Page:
I have no wish to go into competition against the ABC's excellent fact checking habits, but I thought I'd share the answer to a question I was posed on Facebook this morning.
"Christopher Pyne claimed on ABC RN this morning that when Whitlam
abolished university fees, it did not change the demographic composition
of the student body, ie "all the middle class people planning on going
to university anyway now simply went for free", and it did not lead to
greater participation by lower ses groups. Opinions? Data?"
Here's what I said:
is using the same data and argument that was used in establishing HECS.
Yes, for the most part demographics did not shift with the - relatively
small - expansion at the Whitlam reforms. But we should remember there
were only a few years of expansion really - by the end of the 70s
unemployment among university graduates was growing so that growth
the 1980s when they wanted to know what the effect of free education
was, found that the new group was mature-age women. In a period where
women's participation was still lower than it needed to be introducing
HECS and impacting that was a big loss. But women now exceed men in
numbers (though not benefits of higher ed of course).
expansion that Pyne won't discuss is post-Dawkins. HECS was a really
excellent system that addressed the equity concern with free education
(working class taxes paying for the perpetuation of elite advantage),
funded the only REALLY significant expansion universities have seen and
included attention to equity. There were and remain problems with
equity, but they were not caused by the HECS system.
is absolutely not the same thing as this and I am angry about using the
pro-HECS arguments for deregulation. Deregulation will be disastrous,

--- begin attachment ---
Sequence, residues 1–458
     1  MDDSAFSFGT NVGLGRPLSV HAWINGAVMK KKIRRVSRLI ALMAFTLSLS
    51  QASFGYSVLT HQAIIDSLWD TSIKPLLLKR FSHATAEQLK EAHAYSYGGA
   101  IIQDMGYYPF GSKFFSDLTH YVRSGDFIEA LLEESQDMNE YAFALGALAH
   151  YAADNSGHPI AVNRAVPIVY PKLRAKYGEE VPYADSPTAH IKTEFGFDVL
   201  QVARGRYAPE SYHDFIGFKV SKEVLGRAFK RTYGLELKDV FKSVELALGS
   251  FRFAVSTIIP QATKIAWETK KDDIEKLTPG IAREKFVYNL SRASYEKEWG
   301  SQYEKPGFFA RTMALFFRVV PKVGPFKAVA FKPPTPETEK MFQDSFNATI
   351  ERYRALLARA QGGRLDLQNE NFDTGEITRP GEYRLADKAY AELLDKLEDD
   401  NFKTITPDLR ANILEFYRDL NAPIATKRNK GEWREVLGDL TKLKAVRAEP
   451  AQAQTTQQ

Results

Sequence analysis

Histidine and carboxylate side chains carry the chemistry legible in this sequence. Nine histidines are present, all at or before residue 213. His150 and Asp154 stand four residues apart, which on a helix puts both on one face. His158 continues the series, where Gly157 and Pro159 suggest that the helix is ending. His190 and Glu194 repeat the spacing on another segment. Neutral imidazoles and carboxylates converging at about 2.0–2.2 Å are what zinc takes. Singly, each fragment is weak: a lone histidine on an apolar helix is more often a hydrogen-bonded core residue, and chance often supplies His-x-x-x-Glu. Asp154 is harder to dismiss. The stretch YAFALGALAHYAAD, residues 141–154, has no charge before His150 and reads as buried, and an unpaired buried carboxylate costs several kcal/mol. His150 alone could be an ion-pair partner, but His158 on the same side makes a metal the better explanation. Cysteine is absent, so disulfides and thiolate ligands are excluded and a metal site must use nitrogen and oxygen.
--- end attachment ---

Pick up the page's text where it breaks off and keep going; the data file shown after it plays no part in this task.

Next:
not only for equity (despite scholarships…) but for the labour market in
general. Not straight away…give us a decade. I am furious with the VCs
for supporting this, though it shows that are beyond hope as the ones
who will reform the system (I admit I did have some hope, for a while…).
This is very bad policy, in fact, for everyone. It will help the Go8
bottom line, but not for long. In a decade we will have raised fees as
high as the middle class can bear, low-SES families will have to be
advised to stay out of higher education because the cost benefit doesn't
add up and we will be heading towards an under-skilled and
under-competitive labour market...
I was then asked: So
how do we explain the huge expansion of staffing in universities in the
70s - if it was not in response to increasing student numbers - where
did those rivers of gold come from?
it did grow - figures are [in the book...out soon!]- and quite a lot, it just did not
make the mass system that we see today. But growth slowed really
dramatically c.1978. The system was confused. They were still benefiting from the
Murray review all through the 1960s, the baby boom helped
late 60s to mid-70s. Universities believed they would continue to grow.
They were crowded and the government funded new universities…some of
which opened at exactly the wrong time. The oil shocks had that
unexpected effect on the economy and stagnation in growth in student
numbers hit universities in the late 70s. Universities had NO experience
with responding to that. By 1981 they were in trouble…
I wrote a bit about this with Tim Pitman earlier in the year, see https://theconversation.com/should-we-follow-the-german-way-of-free-higher-education-23970